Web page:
Fast food chain KFC will open its first ever outlet in Lhasa at
downtown mall Shenlishidai Square shopping centre from January
Lhasa Tourism Development projects an increase in tourist numbers
from 11.79 million in the last five years to a staggering 24 million
Lhasa to be only international tourist city
December 31, 2015
According to data released at the conference, from 2010 to 2015,
the total revenue from tourism reached 15.493 billion Yuan (2.389
billion U.S. dollars) which is expected to increase to more than 30
billion Yuan (4.626 billion U.S. dollars). In the next “Five-Year Plan”
period from 2016-2020, the city will invest 100 billion Yuan in
promo/ng tourism. High-end brands and commercial complexes are
set to occupy the city landscape.
The concerned authori/es have put forth proposals to join in the
World Tourism Ci/es Federa/on and the Asia-Pacific Tourism
Associa/on and also apply to be an UNESCO intangible cultural
heritage ancient city in the next five years.
Exile Tibetans argue that the development of infrastructure in Tibet
has come at a price, and oben the Tibetans are the ones who get
neglected by the fruits of such development. “All posi/ve bearings
from such an ini/a/ve are reserved for Chinese investors and
workforce; the infrastructure caters to a select credit card yielding
groups, revenues will vanish into Chinese investor’s pocket and the
opportuni/es and jobs created by such ini/a/ve go to ethnic
Chinese work force. Yet the dire outcome of these developments
such as increased cost of living, unemployment and other means of
marginalisa/on are dealt mostly by Tibetans,” said Tsering, a
Tibetan from Lhasa who arrived into exile in 2001.
In a similar developmental plan by China at the beginning of next
month, Lhasa’s neighbouring Tagtse (ch. Dazi), Lhundrub (ch.
Linzhou), and Meldro Gongkar (ch. Mozhugongka) Coun/es,
tradi/onal Tibetan dwellings will be replaced by Chinese styled
houses. The cost of which will be borne by Tibetan homeowners
who are without any say in the decision.
The 2013 project to modernise the Bharkor market area in Lhasa
city aXracted condemna/on from organisa/ons and people around
the globe. Tibetan writer Tsering Woeser called it a ‘frighyul
modernisa/on’. “Lhasa is being destroyed by excessive commercial
development. Lhasa doesn’t exist for only tourists, there are real
people who live here and it’s also a religious place. You can’t just
turn it into a Sanlitun village,” the Beijing based Tibetan writer told
the South China Morning Post in 2013.
TIBET DIGEST, DECEMBER 2015 7
in next five years: China
China’s central bank gives a helping
December 29, 2015
China’s central bank is seeking new methods to strengthen financial
support in the Tibet autonomous region, aiming to accelerate
regional economic development and lib local residents out of
poverty in the next five years.
New financial measures, including more aggressive bank lending
with rela/vely low interest rates in Tibet than other regions, are
under discussion, according to officials and financial industry
The People’s Bank of China, the country’s central bank, will
encourage commercial banks to issue more loans to enterprises in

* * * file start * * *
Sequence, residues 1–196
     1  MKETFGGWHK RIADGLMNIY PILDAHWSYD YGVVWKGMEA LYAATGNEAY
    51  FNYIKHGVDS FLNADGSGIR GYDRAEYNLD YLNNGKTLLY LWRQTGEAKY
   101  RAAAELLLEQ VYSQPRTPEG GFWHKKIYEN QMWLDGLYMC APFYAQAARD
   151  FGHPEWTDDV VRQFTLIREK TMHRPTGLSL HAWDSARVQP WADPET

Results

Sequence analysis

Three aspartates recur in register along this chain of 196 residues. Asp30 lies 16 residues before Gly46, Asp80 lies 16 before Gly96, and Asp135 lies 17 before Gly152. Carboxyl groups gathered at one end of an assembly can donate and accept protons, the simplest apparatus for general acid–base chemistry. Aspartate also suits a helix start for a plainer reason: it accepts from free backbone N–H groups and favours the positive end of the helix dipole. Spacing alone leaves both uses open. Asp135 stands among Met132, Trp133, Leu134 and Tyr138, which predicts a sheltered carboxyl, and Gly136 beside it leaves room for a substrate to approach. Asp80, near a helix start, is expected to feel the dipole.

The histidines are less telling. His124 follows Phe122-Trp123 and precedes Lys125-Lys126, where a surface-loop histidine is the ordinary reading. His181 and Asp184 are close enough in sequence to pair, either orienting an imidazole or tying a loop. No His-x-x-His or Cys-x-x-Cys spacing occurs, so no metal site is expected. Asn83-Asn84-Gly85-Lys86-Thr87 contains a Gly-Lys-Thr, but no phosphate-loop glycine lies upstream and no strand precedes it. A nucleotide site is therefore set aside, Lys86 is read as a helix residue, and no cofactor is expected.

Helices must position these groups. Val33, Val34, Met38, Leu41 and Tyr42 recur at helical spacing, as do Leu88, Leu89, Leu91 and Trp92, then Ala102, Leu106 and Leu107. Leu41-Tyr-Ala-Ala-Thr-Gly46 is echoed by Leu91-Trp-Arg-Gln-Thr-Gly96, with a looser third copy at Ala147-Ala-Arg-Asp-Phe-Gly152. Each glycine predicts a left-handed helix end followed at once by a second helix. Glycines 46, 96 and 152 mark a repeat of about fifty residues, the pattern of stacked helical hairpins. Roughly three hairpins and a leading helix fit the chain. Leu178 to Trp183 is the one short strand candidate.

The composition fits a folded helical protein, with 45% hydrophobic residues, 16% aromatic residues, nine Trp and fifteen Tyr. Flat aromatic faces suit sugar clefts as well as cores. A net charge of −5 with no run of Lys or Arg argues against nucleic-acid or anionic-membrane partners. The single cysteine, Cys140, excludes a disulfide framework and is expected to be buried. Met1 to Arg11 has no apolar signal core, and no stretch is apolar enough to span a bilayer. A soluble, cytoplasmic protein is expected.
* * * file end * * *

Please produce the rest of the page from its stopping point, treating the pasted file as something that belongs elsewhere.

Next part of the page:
Tibet, based on lower financial costs and required reserve ra/o,
according to Pan Gongsheng, deputy governor of the bank.
“Financial ins/tu/ons, including banks, securi/es companies and
insurance companies, will launch more branches in Tibet in the next
five years, and the policy will support development of private
banks, village banks and other micro-financial ins/tu/ons in the
area to expand their service coverage,” said Pan.
More funds raised by those financial ins/tu/ons will be injected
into infrastructure construc/on projects, environmental protec/on
and urban development.
The policy will focus on small and micro credit for local farmers and
herders, and be used to relieve poverty, the official said.
Due to its plateau climate and rela/vely undeveloped economy, the
financial sector in Tibet lags behind other regions in the country,
and especially lacks financial professionals.
According to data from the central bank, by the end of November,
11 banks had launched branches in Tibet. Total outstanding loans
reached about 205 billion yuan (S$44.5 billion), 6.8 /mes the
amount in 2010.
In the first 11 months, enterprises in Tibet has raised fund of 21.5
billion yuan from the equity market.
In 2014, the total GDP of the Tibet autonomous region was 92
billion yuan, the lowest among all 31 provinces, autonomous
regions and municipali/es, which equaled only about 7.3 per cent
of the GDP in Guangdong province-the country’s highest last year.
hand to Tibet
Xie Xuezhi, chairman of the Agricultural Development Bank, one of
China’s three major policy banks, said his bank will invest more than
100 billion yuan into Tibet in the next five years. It has issued 4.9
billion yuan in loans in the region this year.
Liu Shiyu, chairman of Agricultural Bank of China, said by the end of
2016 his bank plans to expand services to all villages in the region
that have basic telecommunica/on infrastructure.
Losang Jamcan, chairman of the autonomous region, said the
region is predicted to achieve annual GDP of more than 100 billion
yuan this year, up 12.2 per cent year-on-year.
organisa/ons – with the aim to realise certain poli/cal and
This has leb foreign governments including the US concerned about
the too-broad defini/on of terror that increases surveillance power
According to Leibold, terrorism in China, as both a concept and a
rhetorical device, is about securing its rule over the troubled
regions of Xinjiang and Tibet. “The line between peaceful poli/cal
ac/vism and violent acts of terror is frequently blurred in China, as
the sentencing of Uyghur scholar Ilham Toh/ and the Tibetan monk
Tenzin Delek Rinpoche on charges of terrorism and separa/sm
suggests,” he wrote in his ar/cle in The Na3onal Interest on